Fri | Dec 9, 2016

House mulls Rasta church bid

Published:Friday | February 26, 2010 | 12:00 AM

Philip Hamilton, Gleaner Writer

A Rastafarian church's 14-year bid for incorporation in Jamaica continues to be a major source of contention among the nation's lawmakers.

The Church of Haile Selassie I, which first submitted its petition for incorporation in October 1996, is yet to receive parliamentary approval despite pleas by the church and its legal representatives.

At issue is the church's use of certain herbs in its religious sacraments, which has been misinterpreted by some persons as promoting the use of ganja during worship.

During yesterday's joint select committee meeting on private bills reviewing amendments to the church's incorporation bill, Opposition Senator Mark Golding expressed dissatisfaction with sections of the legislation that sought to define the church's sacrament.

"I don't think its appropriate to attempt to define what their sacrament is in this legislation or to try and list what herbs are used in it and say that ganja isn't," Golding told Heather Kinlocke from the chief parliamentary counsel's office.

Golding, however, was quick to point out that the bill did not speak to the use of ganja, as use of marijuana by the church would constitute a criminal offence leading to prosecution.

Several misperceptions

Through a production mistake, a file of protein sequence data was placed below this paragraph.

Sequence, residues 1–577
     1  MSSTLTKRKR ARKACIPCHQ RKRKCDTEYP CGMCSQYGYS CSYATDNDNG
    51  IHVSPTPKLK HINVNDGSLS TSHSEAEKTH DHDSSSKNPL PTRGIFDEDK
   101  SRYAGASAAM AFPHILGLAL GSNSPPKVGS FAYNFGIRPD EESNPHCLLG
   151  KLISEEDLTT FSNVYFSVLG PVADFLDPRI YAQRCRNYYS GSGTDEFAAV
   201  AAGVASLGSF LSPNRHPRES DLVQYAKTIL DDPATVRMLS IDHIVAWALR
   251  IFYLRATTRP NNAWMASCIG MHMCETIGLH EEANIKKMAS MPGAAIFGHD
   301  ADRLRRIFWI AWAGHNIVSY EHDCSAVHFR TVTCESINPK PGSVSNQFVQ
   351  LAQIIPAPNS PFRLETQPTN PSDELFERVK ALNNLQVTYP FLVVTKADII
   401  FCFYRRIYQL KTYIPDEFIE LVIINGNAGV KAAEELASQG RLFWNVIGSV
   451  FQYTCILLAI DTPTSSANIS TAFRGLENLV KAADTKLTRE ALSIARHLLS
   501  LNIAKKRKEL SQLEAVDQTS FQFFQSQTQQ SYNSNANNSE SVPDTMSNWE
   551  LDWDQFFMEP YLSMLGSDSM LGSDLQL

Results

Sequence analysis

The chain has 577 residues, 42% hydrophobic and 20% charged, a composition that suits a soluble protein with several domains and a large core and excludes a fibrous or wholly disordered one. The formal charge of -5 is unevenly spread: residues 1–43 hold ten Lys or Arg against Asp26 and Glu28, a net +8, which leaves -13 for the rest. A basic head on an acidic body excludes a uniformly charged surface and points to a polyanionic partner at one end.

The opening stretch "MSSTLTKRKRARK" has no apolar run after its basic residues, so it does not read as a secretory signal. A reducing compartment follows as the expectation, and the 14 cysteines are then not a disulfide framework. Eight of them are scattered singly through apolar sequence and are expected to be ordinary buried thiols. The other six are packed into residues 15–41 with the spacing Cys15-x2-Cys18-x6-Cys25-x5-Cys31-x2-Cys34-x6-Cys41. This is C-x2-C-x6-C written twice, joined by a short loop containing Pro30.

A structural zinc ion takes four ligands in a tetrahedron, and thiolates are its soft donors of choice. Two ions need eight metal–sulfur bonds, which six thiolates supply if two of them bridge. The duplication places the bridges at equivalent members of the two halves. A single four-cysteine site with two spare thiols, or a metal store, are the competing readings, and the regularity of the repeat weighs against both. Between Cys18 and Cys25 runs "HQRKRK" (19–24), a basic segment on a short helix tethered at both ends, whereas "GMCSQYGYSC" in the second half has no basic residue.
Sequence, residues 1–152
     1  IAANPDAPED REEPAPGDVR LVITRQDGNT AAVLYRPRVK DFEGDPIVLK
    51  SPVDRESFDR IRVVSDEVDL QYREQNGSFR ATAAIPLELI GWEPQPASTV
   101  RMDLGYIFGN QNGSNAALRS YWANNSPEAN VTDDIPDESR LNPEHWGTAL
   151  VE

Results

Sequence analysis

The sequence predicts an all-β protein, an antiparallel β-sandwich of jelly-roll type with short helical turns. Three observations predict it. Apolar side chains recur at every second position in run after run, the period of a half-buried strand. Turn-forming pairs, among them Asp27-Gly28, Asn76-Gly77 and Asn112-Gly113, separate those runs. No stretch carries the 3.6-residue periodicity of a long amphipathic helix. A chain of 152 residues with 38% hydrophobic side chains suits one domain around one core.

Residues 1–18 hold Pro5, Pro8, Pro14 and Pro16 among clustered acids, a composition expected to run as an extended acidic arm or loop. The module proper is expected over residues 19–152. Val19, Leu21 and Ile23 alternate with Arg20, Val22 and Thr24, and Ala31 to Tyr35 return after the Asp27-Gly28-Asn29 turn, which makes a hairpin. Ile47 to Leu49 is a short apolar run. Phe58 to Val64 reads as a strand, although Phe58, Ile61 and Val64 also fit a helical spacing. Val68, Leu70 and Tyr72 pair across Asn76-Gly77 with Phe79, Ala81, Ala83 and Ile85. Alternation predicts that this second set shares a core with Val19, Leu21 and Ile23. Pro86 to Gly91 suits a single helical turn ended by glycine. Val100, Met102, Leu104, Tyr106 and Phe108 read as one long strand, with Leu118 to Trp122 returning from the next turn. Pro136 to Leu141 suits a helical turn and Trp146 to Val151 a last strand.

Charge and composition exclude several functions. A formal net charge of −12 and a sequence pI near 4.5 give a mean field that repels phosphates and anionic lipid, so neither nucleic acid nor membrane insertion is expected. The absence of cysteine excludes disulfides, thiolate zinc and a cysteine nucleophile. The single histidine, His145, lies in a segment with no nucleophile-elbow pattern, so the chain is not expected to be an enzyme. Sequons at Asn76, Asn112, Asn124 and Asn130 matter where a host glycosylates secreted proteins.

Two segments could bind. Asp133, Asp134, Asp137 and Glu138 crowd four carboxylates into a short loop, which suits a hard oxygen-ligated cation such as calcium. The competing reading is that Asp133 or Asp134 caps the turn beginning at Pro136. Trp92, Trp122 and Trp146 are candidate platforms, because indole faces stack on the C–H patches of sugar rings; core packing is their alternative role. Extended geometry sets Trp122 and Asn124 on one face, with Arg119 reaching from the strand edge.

Representatives of the church who met with the committee last December had been at pains to tell members there were several misperceptions as to what constituted a herb due to ignorance.

Church of Haile Selassie I spokesman Abuna Foxe told the committee the church used the herb cassias in its rituals and not marijuana as some believed.

He said much contention stemmed from the fact that the word herb had a generic meaning, which could be misconstrued to mean ganja.

Committee Chairman Senator Hyacinth Bennett, who was absent from December's meeting, told committee members there was a need to clarify the concept of the word 'herb' out of an abundance of caution as it appeared to be shrouded in semantics.

"Colloquially speaking, there is a perception and understanding of herb. That is what's been occupying my mind," said Bennett.

Senators Golding and Warren Newby assured Bennett that the church, during its presentation to the committee at its last meeting, gave assurances it did not use ganja in its sacraments.

Prior to December last year, the bill seeking incorporation status for the Church of Selassie I was last presented before the committee for approval in 2000.

If approved, it would provide the church legal rights to property ownership, as well as tax benefits.

philip.hamilton@gleanerjm.com